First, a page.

Gold bubble talk, admittedly, has largely been proven silly in the short-term. Gold prices have soared 30% since April and long-term the precious metal has quadrupled in a little over six years.
But as the old saying goes, there’s no such thing as a sure thing on Wall Street. So allow me to poke one more needle at the gold bubble idea by breaking down the meteoric rise and painful crash of platinum just a few years prior. Gold investors could find the case study instructive.
For starters, let’s operate off the assumption that gold and platinum are very similar. Both are rare and pricey. Both are also used in industry – gold in electronics, for example, and platinum in catalytic converters in autos. Both are well-known hard currency investments, though gold coins and bars are obviously more common than platinum ones.
Theoretically the two metals should perform in very similar manners. Industrial demand for both metals waxes and wanes with the broader economy, and the demand from investors waxes as wanes with the broader appeal of hard assets. When gold is a good buy, platinum is a good buy. Right?
Directionally in the long-term, this is correct. But there is always one clear winner between the two.
Consider that since 2006, platinum prices have roughly doubled compared with an almost flat stock market. Gold has seen gains of nearly four-fold in the same period.
Obviously, it’s not as simple as throwing your weight behind both hard assets. They can move in much different ways and deliver much different results for your portfolio.
Platinum to Gold Ratio: A History
Finding out why one metal outperforms the other is tricky. There are many outside influences at play, but one easy way to discern which metal is overbought is by looking at the historic relationship between gold and platinum prices.
The average ratio of platinum to gold prices has been largely between 1.25 and 1.50 for the past few decades – meaning platinum typically is selling for 50% more than gold at most points in time. There are regular fluctuations, but any large deviation from this benchmark tends to result in a sharp correction back to the norm soon afterwards.
Consider the 1980 gold bubble – when platinum was on par with gold, and at times even worth less than the yellow stuff. As gold watchers should know, gold prices suffered an ugly flop of almost 50% in the early 1980s, plummeting from a peak over $710 to languish in the $375 to $475 range for the next three years.
The flip side of platinum-to-gold is also a good indicator. When platinum prices overheat and the ratio moves too far away from that 1.25 to 1.50 norm, it’s a disturbing sign that speculators are running amok. Most recently, platinum raced up from around $1,300 an ounce in 2007 to peak at almost $2,200 an ounce in May 2008 while gold hung out around $670 an ounce. At those peak valuations, the platinum-to-gold ratio was almost 3.30 – a nosebleed level that was a sign of trouble. Things quickly corrected as platinum flopped all the way down to $800 in November 2008.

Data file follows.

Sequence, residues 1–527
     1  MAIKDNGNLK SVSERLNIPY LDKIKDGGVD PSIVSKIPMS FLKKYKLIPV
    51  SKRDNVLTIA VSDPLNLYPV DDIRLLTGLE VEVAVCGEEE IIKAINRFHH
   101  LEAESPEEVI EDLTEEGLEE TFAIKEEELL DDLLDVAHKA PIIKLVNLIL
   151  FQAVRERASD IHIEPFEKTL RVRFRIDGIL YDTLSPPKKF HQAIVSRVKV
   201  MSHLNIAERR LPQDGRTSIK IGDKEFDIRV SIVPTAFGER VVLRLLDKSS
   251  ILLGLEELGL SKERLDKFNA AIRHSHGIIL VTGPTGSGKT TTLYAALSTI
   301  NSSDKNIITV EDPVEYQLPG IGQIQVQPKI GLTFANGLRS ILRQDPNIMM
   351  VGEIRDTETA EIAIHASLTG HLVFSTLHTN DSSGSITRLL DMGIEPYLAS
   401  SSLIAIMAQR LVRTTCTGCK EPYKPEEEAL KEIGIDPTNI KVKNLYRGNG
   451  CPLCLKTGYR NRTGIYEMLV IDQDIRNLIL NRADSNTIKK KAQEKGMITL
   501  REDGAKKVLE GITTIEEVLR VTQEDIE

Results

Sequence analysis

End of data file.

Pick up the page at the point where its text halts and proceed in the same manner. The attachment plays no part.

What Platinum and Gold are Saying Now
In the short term, it’s worth noting that the platinum-to-gold ratio has signaled two sell signals based on the idea that anything approaching or passing 2.00 is a sign valuations are out of whack. The first was in 2006, and the second more clear warning bell came amid the commodity craze of 2008.
In 2006 platinum flopped from $1,325 in May to $1,125 in early June – a nearly 15% slide in under 30 days. In 2008 the drop was even more severe, with the aforementioned 60% slide from May to November. Gold prices were damaged similarly in the same periods. Gold went from $725 in the same 2006 window for a slightly deeper 22% decline, and fell from $928 to $713 in 2008 for a “better” but still painful 23% slide.
Now platinum-to-gold has drifted back down. In fact, it may have drifted too far as platinum prices and gold prices approach a 1-to-1 ratio.
Perhaps. One way to “correct” the ratio is for gold to plummet significantly to widen the gap.
But the other solution to this sticky ratio is for platinum to soar and outpace gold. Consider the previously discussed flop for platinum just three years ago. Platinum turned out to be oversold as it slumped all the way to $800 in November 2008 to place it neck-and-neck with gold. Investors who mined for bargain in platinum were able to profit as platinum rebounded from those lows to once again break through the $2,000 level gain just four months later.
And of course, there’s no cosmic rule that platinum-to-gold has to stay between 1.25 to 1.50 in order for the commodities to be fairly priced. Macroeconomic concerns, the accessibility of gold as a safe-haven investment due to ETFs like the SPDR Gold Trust (NYSE:GLD) and commodity hoarding by governments like China all have a lot of influence in the current marketplace.
But if you want a simple precious metals forecast, it looks like things could go one of two ways: either gold is set for a brutal fall, or platinum will go on a tear very soon.
Which side of the trade you want to be on is up to you.